AUTHORS: Kim, Min, Kyoung et al
Anesthesia & Analgesia: Oct 2017
BACKGROUND: The success of stellate ganglion block (SGB) is traditionally determined on the basis of findings such as Horner’s syndrome, temperature rise in the face, hyperemia of the tympanic membrane, and nasal congestion. However, decreases in vascular resistance and increases in blood flow in the arm may be more meaningful findings. To date, the effect of SGB on the regional hemodynamics of the arm has not been evaluated using pulsed-wave Doppler ultrasound.
METHODS: A total of 52 patients who were to undergo orthopedic surgery of the forearm were randomly assigned to either the mepivacaine group (SGB with 5 mL of 0.5% mepivacaine) or the saline group (SGB with 5 mL of normal saline). Before surgery, a single anesthesiologist performed a SGB under ultrasound guidance. The temperature of the upper extremity and the resistance index and blood flow in the brachial artery were measured before SGB, 15 and 30 minutes after SGB, and 1 hour after surgery. The severity of pain, requirement for rescue analgesics, and side effects of the local anesthetic agent were all documented.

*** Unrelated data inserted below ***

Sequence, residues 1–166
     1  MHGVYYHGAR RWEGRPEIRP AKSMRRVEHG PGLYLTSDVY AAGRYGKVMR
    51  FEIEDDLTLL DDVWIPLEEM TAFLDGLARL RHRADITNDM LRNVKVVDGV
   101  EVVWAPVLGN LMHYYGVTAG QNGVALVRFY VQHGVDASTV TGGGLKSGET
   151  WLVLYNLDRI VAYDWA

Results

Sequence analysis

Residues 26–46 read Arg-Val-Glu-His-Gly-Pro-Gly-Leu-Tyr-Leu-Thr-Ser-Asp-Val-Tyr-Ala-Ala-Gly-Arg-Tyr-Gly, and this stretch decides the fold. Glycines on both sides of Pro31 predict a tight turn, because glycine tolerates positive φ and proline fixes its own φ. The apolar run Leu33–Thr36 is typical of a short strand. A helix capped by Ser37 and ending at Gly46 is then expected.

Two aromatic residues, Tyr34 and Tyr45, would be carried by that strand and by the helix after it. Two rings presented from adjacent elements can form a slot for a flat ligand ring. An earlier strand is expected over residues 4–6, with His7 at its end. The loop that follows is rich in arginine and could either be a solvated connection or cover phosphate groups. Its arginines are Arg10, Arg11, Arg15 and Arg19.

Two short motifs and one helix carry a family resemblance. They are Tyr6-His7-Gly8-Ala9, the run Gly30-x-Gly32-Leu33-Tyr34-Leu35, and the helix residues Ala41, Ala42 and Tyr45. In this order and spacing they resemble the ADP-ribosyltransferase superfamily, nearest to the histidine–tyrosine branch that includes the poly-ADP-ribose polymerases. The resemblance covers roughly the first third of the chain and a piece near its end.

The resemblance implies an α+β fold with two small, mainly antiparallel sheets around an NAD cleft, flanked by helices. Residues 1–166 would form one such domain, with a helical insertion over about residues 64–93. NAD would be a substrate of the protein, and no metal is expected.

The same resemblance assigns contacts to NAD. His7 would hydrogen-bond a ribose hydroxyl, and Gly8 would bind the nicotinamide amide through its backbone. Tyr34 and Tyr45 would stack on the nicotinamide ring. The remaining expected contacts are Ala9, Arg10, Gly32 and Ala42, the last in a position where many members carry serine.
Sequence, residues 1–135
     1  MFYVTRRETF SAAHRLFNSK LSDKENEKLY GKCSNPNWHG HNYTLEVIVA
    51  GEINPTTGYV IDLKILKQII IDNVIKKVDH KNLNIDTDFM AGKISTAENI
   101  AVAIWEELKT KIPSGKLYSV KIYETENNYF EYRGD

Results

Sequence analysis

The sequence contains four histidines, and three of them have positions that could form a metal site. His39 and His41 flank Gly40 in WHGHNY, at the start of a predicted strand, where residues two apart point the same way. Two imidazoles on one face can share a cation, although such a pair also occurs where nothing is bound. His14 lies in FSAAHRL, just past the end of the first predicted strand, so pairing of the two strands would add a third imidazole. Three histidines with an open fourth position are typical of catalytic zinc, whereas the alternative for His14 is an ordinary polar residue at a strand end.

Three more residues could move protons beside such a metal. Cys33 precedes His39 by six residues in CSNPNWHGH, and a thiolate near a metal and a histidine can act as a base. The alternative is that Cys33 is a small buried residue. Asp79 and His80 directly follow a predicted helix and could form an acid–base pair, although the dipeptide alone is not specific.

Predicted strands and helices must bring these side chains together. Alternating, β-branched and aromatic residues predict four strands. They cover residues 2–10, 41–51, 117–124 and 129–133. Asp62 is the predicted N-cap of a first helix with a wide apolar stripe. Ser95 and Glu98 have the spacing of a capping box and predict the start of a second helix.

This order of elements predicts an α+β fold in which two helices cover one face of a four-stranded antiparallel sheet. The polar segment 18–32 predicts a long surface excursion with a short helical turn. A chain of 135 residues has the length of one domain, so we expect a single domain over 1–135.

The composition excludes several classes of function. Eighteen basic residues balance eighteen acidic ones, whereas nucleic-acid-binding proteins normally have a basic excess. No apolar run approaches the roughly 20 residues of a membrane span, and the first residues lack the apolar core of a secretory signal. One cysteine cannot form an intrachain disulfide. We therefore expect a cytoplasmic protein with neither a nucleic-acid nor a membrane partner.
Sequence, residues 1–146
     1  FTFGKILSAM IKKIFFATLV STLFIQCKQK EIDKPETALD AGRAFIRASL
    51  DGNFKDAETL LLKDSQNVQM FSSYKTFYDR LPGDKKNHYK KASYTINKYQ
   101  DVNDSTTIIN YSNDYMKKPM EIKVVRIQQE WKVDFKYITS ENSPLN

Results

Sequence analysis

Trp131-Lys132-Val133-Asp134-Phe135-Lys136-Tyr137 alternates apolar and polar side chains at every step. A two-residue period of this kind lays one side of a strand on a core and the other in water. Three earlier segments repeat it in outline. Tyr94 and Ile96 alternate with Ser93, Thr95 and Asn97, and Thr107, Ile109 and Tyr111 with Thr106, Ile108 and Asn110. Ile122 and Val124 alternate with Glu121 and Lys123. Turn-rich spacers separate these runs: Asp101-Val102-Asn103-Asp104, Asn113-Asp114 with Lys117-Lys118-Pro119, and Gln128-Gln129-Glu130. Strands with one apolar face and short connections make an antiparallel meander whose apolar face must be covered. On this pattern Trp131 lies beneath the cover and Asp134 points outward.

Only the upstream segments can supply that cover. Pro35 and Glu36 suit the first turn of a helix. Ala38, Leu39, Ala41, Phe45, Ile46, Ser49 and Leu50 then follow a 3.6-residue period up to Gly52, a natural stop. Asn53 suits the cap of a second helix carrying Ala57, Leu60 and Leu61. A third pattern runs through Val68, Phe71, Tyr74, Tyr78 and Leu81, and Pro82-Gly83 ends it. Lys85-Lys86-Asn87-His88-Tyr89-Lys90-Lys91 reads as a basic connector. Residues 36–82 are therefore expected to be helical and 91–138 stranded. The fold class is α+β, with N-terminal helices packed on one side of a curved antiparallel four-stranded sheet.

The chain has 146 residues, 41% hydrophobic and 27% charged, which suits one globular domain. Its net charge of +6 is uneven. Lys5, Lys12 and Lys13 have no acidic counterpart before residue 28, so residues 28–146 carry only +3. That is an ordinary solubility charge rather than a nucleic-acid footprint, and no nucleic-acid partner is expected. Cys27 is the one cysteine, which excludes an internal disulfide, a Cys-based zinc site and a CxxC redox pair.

RESULTS: After SGB, the resistance index decreased significantly and the blood flow increased significantly in the brachial artery of members of the mepivacaine group (15 minutes: P = .004 and P < .001, respectively; 30 minutes: P < .001 and P < .001, respectively). However, these values normalized after surgery. The severity of pain, need for rescue analgesics, and incidence of adverse effects were not significantly different between the 2 groups.
CONCLUSIONS: Although SGB did not decrease the pain associated with forearm surgery, ultrasound-guided SGB did increase blood flow and decrease vascular resistance in the arm. Therefore, pulsed-wave Doppler may be used to monitor the success of SGB.